Direct Mail Marketing Vs Email Marketing: What’s Best for Your Small Business?
Small businesses cannot ignore the power of direct mail marketing and email marketing. Of course, both have their advantages and disadvantages. But, both are an efficient and cost–effective way to find new customers, make new sales, up-sell to current customers, and stay connected with existing customers. And best of all, both of these marketing methods can be easily implemented into the marketing plans of even the smallest business on a very tight budget. Here is a quick overview and comparison of both methods.
Direct Mail Marketing
Direct mail marketing is not dead. It is still as powerful as it has ever been. One of the best things about direct mail marketing is that it has the ability to get your message into the hands of your prospects.
1. Recipients More Receptive
Many people are still not using email. Plus the fact that people will most likely spend more time reading a post card or letter than they will an email. Getting a beautiful post card or envelope into the recipient’s hand can be a powerful tool. As long as you design your marketing material so that it catches the reader’s eye, they will read your message. So much of the mail marketing pieces that arrive in a person’s mailbox is so poorly designed, that much of it gets ignored. Make your piece stand out from the rest, and they will read your message.
2. Can Become Expensive
If you are not targeting the correct audience, you will be wasting time and money. Sending marketing materials directly to specific people at specific addresses will keep your costs way down, and greatly improve your chances of making a sale.
3. Can Be Time Consuming
Building a mail list, and designing amazing marketing materials to send out, takes time, thought, and money. But as a small business, you must always be adding to and improving your mail list and marketing materials. Right from day one. Many small businesses, home-based businesses, and professional practices will live or die based on how good their mail list and marketing materials are.
Email marketing is amazingly cheap, quick, and easy to implement, but it will not be replacing direct mail for a very long time. One of the best things about email is that it is trackable. This data can be used to analyze open rates, clicked links, and conversion details. All of this data can help you fine-tune your email content and message.
1. Very Inexpensive
You can easily start an email list and not spend one cent. But getting email addresses from anyone beyond your current customers can be very time-consuming. But eventually you will build a larger list. Then you will need an email service company to manage and send your email messages. Many of these service companies have a free plan to manage up to a certain amount of addresses.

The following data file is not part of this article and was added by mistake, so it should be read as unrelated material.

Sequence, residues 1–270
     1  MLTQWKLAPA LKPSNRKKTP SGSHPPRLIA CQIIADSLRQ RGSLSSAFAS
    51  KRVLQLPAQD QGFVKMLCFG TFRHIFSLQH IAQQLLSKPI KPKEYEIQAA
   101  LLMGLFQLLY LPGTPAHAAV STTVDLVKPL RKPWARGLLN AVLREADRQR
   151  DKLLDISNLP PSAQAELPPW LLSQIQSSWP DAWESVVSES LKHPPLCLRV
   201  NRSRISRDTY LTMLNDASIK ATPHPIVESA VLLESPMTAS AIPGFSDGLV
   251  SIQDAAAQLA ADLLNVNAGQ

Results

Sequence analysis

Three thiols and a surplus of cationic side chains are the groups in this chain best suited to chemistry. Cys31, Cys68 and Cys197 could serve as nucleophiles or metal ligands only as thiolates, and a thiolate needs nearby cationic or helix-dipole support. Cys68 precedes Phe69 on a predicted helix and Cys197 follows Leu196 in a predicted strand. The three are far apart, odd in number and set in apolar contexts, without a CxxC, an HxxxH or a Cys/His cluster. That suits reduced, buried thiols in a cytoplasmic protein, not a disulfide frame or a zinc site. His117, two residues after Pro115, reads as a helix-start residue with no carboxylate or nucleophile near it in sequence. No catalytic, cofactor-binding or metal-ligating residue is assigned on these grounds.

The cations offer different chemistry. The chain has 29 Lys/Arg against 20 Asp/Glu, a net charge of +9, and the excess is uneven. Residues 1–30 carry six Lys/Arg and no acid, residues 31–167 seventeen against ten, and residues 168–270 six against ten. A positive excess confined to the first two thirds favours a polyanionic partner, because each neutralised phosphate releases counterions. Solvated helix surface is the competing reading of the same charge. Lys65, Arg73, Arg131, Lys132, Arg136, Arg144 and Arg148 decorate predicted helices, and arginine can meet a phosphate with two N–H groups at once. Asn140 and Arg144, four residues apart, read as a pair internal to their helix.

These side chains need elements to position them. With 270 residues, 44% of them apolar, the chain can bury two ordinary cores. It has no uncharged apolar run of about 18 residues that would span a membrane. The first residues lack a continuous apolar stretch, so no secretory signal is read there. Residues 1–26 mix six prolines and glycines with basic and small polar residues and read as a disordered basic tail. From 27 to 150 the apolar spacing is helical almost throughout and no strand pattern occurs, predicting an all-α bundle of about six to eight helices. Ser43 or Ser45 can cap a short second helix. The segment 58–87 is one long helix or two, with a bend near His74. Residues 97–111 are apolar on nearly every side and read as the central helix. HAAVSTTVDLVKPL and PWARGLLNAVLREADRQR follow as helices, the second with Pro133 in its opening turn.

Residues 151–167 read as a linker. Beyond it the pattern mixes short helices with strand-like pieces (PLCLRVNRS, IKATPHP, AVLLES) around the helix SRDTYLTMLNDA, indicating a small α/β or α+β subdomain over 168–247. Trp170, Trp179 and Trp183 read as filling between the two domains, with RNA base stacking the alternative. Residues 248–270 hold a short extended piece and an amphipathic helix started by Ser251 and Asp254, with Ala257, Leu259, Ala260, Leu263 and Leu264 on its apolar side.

2. Very Fast
Once your emails are designed and set-up, you can send out a mass email in a few minutes. Your recipients will start opening your email message a few minutes after you sent it. You will start to get hits on your website a few minutes later. Amazingly fast.
3. Very Convenient
Providing clickable links to your products and services makes an email very convenient for the recipients. These links allow the recipients to quickly understand what your email is trying to tell them, and sell them. This speed is one of the major reasons most of us enjoy emails.
What’s Best for Your Small Business?
Don’t be afraid to use both methods at the same time. Direct mail might work better for some of your prospects and current customers. Email might work better for the others. Each method has several similarities, and several important differences. You will need to decide which method, or both, is the best for your small business. The reality of the situation is that direct mail and email marketing are a perfect match for each other. Each method makes up for the shortcomings of the other. Used together they create a powerful tool to use in your marketing plan.
Here Are Some Questions To Ask Yourself
Is your communication time-sensitive? Do you have a budget to work with? How much explanation do your prospects require? Do you have a good mail list for one method or both? Have you already asked your current customers to join your mail and email list? Are some, most, or all of your customers online?